Part #: 622-1270-001

Model: TDR-90

Collins Aerospace - ATC Transponder
Part Number :
Collins Logo

  • ATC Transponder providing identification of aircraft on ground controller's plan position indicator
  • Provides Modes A and C operation when used with altitude digitizer
  • Typically used with either CTL-90 digital control or 613L-3 analog control (available in single and dual controls)
  • Can also be controlled with CTL-92 Proline II control when used with CAD-62 adapter
  • Short low-profile design
  • Lightweight
Dimensions: 2.42"W x 3.5"H x 13.71"L Weight: 3.5 lbs.
FAA TSO: C74b or C74c, Class 1A FCC Rules: Part 87
RTCA: DO-138 (Env. Cat /AD/A/JNG/AAAEXXXXX Temperature: -54 to +55 C (continuous); +71C for 30 minutes
Altitude: 45000 ft. max. (operation) Shock: 6g, 6 postions (11 +-2 ms duration) for operation
Power Source: 27.5 V dc +-20%, 1.9 A max at 1% duty cycle Power Requirements: Standby: 25W; Operation at 1% transmitter duty factor: 40W
Peak Pulse Power: 250 to 400 watts (325 nominal) Sensitivity: -72 to -80 dBm
Bandwidth: 6 mHz at 3 dB down, 50 MHz at 60 dB down Frequency Stability: +-3 mHz
Part NumberATC Transponder Description:
622-1270-001 see features above


- ATC Transponder

NSN: 5895-01-015-3810

Price Condition Delivery

SEA Repair Capabilities: Yes

Click on a question below to see the answer. If you have a question about this model that is not answered below, please contact

The first revision of the Collins TDR-90 manual is dated October 1973.

Yes, anytime a transponder is removed or replaced an altitude correlation between what the transponder is reporting and what is displayed on the altimeter needs to be performed. This is outlined in FAA CFR Part 91.413. This regulation indicates that following any installation or maintenance of a transponder where data correspondence error could be introduced, the integrated system has been tested, inspected, and found to comply with paragraph (c), appendix E. Furthermore, these references indicate that an integration test between the altitude reporting equipment and transponder system must be conducted.

For complete information, please refer to these FAA regulations or contact Southeast Aerospace Tech Support team at
Southeast Aerospace exchanges are based on the return of an undamaged, economically repairable core unit with identical part number as the unit shipped to the customer. An "economically repairable" core is defined as one where the cost to repair/overhaul (or Repair Cap) does not exceed 80% of the original SV/OH exchange price billed. Should the Repair Cap exceed 80%, the customer will be billed the additional amount. In the event this amount exceeds the Outright Price for the unit, the customer would only be billed the difference between the Outright Price and SV/OH Exchange Price with the core returned as-is to the customer.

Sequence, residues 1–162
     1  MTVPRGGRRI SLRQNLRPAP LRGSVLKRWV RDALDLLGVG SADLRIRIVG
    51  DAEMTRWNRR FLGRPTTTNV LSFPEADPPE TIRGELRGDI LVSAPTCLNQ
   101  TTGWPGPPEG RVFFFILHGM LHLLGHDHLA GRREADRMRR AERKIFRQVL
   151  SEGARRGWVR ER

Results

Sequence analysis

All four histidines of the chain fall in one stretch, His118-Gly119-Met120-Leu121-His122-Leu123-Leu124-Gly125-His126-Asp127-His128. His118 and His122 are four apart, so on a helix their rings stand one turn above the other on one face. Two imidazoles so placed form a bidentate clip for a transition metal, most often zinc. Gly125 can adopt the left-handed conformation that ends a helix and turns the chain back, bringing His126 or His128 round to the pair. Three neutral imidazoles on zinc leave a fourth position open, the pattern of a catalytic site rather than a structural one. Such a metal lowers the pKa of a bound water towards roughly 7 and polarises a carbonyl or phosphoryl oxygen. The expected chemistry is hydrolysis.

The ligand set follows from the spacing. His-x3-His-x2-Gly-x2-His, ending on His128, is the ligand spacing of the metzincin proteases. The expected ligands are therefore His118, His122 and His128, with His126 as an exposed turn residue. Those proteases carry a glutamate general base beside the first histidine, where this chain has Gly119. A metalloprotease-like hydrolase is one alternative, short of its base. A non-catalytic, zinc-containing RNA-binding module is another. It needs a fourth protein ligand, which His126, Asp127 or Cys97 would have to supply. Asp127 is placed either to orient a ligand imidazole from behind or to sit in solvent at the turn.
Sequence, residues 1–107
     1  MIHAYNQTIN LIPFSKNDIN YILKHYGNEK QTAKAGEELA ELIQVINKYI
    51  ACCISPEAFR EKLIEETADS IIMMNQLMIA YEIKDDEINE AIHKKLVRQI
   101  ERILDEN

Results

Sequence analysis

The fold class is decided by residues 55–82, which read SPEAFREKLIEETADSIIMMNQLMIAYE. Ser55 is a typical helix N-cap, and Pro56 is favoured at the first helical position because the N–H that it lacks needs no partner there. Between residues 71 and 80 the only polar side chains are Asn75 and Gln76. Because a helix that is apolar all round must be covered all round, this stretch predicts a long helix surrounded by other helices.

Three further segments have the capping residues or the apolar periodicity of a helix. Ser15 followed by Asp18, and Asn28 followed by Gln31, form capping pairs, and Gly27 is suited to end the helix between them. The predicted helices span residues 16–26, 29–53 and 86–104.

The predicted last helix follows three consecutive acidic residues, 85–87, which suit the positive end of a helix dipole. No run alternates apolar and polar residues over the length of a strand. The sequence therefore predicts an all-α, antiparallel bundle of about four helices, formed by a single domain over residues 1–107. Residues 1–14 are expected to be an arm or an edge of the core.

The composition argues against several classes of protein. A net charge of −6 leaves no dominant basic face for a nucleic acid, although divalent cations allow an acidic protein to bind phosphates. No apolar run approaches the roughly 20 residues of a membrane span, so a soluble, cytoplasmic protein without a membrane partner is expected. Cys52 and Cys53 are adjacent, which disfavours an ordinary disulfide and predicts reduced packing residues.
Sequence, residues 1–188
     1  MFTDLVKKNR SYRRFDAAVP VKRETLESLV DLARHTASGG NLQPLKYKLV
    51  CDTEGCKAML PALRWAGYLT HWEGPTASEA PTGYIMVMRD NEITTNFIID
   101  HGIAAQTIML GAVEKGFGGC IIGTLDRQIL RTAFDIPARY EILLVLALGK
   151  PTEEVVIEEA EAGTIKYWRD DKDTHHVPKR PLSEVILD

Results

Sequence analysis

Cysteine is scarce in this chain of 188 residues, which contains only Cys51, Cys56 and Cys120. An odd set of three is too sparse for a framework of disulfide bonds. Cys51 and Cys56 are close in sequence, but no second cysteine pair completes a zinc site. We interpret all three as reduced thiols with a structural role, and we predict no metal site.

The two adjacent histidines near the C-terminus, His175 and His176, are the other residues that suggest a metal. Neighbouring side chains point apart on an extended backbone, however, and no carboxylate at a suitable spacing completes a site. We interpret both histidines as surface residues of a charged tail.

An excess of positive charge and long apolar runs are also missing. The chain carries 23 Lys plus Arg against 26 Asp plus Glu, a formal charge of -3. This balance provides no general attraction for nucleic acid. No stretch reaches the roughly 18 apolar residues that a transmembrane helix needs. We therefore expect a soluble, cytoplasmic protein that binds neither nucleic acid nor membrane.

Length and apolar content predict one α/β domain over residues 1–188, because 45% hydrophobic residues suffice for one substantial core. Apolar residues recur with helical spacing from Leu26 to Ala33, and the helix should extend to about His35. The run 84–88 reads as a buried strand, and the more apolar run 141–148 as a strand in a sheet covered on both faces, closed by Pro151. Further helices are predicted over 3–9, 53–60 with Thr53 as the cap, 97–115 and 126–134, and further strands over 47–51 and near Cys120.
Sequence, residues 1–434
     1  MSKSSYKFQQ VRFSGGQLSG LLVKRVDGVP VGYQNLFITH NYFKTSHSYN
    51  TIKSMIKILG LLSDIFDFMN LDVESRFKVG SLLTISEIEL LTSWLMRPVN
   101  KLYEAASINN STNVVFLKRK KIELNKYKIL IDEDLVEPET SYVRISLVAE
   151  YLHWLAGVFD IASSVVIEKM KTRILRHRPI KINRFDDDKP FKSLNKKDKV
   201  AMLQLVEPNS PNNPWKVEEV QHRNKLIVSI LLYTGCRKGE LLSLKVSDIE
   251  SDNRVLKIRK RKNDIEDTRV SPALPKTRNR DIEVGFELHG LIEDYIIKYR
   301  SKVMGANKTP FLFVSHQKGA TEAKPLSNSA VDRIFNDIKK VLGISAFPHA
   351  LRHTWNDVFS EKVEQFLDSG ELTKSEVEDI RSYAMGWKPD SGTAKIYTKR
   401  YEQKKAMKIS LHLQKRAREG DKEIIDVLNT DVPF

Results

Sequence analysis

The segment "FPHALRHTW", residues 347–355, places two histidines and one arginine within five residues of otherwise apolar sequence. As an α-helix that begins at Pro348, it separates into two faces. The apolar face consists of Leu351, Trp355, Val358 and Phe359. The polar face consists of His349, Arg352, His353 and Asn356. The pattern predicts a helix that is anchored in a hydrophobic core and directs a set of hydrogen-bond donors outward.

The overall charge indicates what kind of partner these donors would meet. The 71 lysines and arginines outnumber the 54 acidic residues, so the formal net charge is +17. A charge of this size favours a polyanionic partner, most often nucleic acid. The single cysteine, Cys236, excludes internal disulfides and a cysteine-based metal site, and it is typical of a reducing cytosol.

Here is an example of such a transaction:

$1000 Exchange Price charged to customer
$1000 x .8 = $800 Maximum Allowable core repair charge or Repair Cap

$2000 Cost to repair core unit
- $800 Less Core repair cap
$1200 Additional billing amount.

2200.00 Total Cost of transaction

Please Note:
SEA offers exchange on new items as well. However, repair cap as indicated above is still based on SV/OH exchange price.

Negotiating the exchange price of a unit only limits the allowable repair cap for the core unit. Southeast Aerospace's exchange transactions are based on the return of economically repairable core unit. Once the core is received and evaluated, the core repair cost incurred by SEA cannot exceed 80% of the original exchange price. That is, it cannot cost SEA more than 80% of the original OH/SV exchange price collected from the customer. Therefore, when and if an SEA exchange price is discounted, there is a risk that additional charges may be assessed once the core is returned and evaluated.

For more information, please refer to these other Exchange FAQs

Collins Proline I began production in the early to mid 1970s and was very common in many business aircraft in the 1970s and early 1980s. The original instruction manuals for most of the units is dated in 1974. Although production of the Proline continued through the 1980s, it can be assumed that a Proline I unit is 20-30 years old on average.